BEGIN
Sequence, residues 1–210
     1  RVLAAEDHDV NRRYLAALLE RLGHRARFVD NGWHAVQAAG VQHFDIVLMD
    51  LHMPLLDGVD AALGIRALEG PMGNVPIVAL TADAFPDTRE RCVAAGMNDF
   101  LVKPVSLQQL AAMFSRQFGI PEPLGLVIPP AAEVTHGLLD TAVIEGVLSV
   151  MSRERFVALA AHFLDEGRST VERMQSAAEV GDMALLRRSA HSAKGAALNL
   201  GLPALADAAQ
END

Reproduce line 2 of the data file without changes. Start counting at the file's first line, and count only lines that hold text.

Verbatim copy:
     1  RVLAAEDHDV NRRYLAALLE RLGHRARFVD NGWHAVQAAG VQHFDIVLMD